I have become philosophical about the whole thing. Modeling is a kind of recreational discipline, and that means pressing on. But thanks to IModeler I can get some feedback as I go. So I am posting this article as an “in progress” thingy, and hope for some counsel as I go. This first installation will detail what I have done and why so far, along with current challenges and victories such as there are. I admit the risk. Doing it this way means I am committed to glory or shame, with little room for middle ground. I only do one bird at a time, meaning this is it until she’s done. So here goes.
What you see here above (and below) is how far I have gotten so far. Since I am going to paint the entire thing gloss black, and I am going to skip the drop tanks and rockets and stick with the minimalism of the P-38’s already stunning silhouette, I realize that the cockpit will be a focal point. Since I am not featuring landing gear either, I figured I’d better include crew members. Problem: Academy’s kit doesn’t come with crew figurines. So I pirated these guys from another kit in my stash that I plan on doing with no crew. To make these figures work I had to grind down his backside and cut the legs off the pilot below the knees and reposition them. I filed and filled with Perfect Plastic Putty and repainted. The radar man had to have his legs amputated entirely below the knees to get him to fit, and I am counting on the illusion that they would have been crammed in the recesses underneath his radar unit, rendering them unseeable anyway. I had to use a Dremel to remove the seat of the radar guy as well, so he would fit. Additionally, while the interior walls of the pilots cockpit are assembled from separate piece, the interior of the radar man’s space is actually in the upper wing/pod piece. To had to paint the inside with chromate green (hence a bit of overspray onto the wings that will be covered by primer anyway), and I added some structural sprues for interest’s sake, again taking some artistic license.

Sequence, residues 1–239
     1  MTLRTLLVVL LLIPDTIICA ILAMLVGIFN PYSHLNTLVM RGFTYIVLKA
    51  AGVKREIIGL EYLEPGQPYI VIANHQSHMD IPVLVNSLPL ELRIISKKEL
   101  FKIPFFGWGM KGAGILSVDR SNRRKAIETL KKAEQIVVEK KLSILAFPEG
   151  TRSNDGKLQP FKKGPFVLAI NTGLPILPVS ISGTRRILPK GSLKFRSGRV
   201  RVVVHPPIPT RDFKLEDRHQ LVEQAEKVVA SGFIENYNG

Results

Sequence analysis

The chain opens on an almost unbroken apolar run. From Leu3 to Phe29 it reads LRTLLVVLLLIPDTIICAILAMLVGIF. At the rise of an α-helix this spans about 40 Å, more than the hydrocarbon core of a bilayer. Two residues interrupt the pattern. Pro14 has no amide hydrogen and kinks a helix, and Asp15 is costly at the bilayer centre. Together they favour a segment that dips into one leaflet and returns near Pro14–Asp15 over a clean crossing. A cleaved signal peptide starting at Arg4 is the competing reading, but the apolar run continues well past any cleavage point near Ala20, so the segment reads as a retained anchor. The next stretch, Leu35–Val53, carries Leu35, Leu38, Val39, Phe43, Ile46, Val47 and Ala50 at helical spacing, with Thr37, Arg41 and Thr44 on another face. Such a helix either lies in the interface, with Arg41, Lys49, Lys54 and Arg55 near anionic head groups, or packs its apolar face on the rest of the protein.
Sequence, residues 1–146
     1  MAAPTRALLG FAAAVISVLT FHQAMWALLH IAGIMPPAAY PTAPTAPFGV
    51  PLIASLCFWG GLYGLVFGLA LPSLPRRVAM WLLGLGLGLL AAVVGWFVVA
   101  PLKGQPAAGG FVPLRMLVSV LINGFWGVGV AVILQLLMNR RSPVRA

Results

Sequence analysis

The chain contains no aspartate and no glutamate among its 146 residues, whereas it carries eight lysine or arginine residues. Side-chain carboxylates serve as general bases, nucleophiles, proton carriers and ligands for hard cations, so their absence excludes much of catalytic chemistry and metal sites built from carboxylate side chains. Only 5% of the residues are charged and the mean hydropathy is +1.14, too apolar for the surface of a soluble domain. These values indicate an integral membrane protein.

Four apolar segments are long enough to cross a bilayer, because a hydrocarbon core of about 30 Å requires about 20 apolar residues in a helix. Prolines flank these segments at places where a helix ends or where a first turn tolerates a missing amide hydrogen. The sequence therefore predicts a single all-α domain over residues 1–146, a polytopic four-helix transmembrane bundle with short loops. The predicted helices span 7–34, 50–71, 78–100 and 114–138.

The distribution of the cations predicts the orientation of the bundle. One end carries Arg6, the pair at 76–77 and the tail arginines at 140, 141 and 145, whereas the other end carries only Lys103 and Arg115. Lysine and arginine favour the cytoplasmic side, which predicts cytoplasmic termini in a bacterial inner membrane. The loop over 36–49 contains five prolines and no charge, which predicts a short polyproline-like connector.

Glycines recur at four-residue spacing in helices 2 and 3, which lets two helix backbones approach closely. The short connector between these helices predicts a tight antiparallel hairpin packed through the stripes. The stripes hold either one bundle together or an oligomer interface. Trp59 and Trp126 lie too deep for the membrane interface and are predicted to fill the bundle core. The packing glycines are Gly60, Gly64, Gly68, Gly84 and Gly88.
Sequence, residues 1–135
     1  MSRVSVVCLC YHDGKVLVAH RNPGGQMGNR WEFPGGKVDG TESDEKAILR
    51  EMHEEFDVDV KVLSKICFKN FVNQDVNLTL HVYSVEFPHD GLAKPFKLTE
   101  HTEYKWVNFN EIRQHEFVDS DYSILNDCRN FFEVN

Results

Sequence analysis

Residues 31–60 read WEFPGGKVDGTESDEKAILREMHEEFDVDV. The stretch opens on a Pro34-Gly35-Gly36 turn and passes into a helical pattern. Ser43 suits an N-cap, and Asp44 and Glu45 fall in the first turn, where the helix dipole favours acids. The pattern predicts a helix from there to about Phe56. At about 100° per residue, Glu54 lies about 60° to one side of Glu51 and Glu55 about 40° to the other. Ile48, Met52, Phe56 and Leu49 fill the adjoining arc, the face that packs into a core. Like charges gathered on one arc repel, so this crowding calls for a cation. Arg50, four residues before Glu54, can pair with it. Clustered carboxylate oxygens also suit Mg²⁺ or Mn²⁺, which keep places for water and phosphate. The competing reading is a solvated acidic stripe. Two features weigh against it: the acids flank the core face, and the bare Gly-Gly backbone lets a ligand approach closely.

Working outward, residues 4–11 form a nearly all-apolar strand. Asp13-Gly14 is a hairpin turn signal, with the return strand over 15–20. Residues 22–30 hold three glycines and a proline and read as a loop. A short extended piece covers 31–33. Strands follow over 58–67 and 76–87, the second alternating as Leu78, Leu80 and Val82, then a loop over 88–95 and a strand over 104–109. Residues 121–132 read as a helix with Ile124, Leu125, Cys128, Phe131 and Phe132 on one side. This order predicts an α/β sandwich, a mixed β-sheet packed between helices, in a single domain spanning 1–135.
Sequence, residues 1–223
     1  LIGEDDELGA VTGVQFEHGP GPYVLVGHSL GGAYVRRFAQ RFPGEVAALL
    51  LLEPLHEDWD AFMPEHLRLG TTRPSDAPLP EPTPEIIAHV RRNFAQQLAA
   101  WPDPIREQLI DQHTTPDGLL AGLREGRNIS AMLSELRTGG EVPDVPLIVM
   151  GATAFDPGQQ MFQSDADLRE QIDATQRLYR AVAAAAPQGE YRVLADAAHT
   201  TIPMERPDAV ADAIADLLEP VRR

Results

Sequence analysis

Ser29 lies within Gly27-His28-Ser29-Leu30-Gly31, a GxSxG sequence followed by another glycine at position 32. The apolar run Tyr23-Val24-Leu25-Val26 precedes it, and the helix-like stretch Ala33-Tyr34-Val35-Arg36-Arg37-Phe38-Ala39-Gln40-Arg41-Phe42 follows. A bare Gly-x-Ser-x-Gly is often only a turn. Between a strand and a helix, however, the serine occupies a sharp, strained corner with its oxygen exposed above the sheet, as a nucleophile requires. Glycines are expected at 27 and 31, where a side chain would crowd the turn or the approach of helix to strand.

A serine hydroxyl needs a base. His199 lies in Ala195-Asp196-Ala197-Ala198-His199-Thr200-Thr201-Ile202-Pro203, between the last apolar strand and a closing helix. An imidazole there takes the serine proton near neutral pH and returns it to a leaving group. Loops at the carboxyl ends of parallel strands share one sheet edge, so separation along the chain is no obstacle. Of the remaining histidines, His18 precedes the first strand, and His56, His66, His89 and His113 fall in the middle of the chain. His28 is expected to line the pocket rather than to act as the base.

[By the way, apparently only one of these Night Lightnings is still around with the rear radar seat still intact, and I think it’s in Arizona; I had read it was here in Seattle, but that bird has been reconverted to the P-38L (http://www.museumofflight.org/aircraft/lockheed-p-38l-lightning.%5D
The entire cockpit assembly turned into a royal pain when it came to making it fit and having the top wing/pod unit join properly with tits lower half counterpart. I don’t know if it’s just my kit (there is no doubt it is a bit warped), or the nature of Academy’s manufacturing (likely a combo of both), but I had to do lots of grinding and sanding to clear the way for assembly.
As of these photos I have not glued the upper to the lower.
As you can see from the boom assemblies, I had to do a fair amount of putty and sanding work. Again, some of this is the nature of the kit I am working with, and some was required by my own missteps because I was fresh off and Tamiya, and I assumed. And we all know where that leads us.
So there we are so far. Next I will rev myself up and glue the top assembly to the bottom, and clamp the daylights out of it. Once that is done I will be able to proceed with the booms, nose, and tail. From that point on it will be all about filling, sanding, and priming until the paint phase comes.
I am more than open to tips and critiques.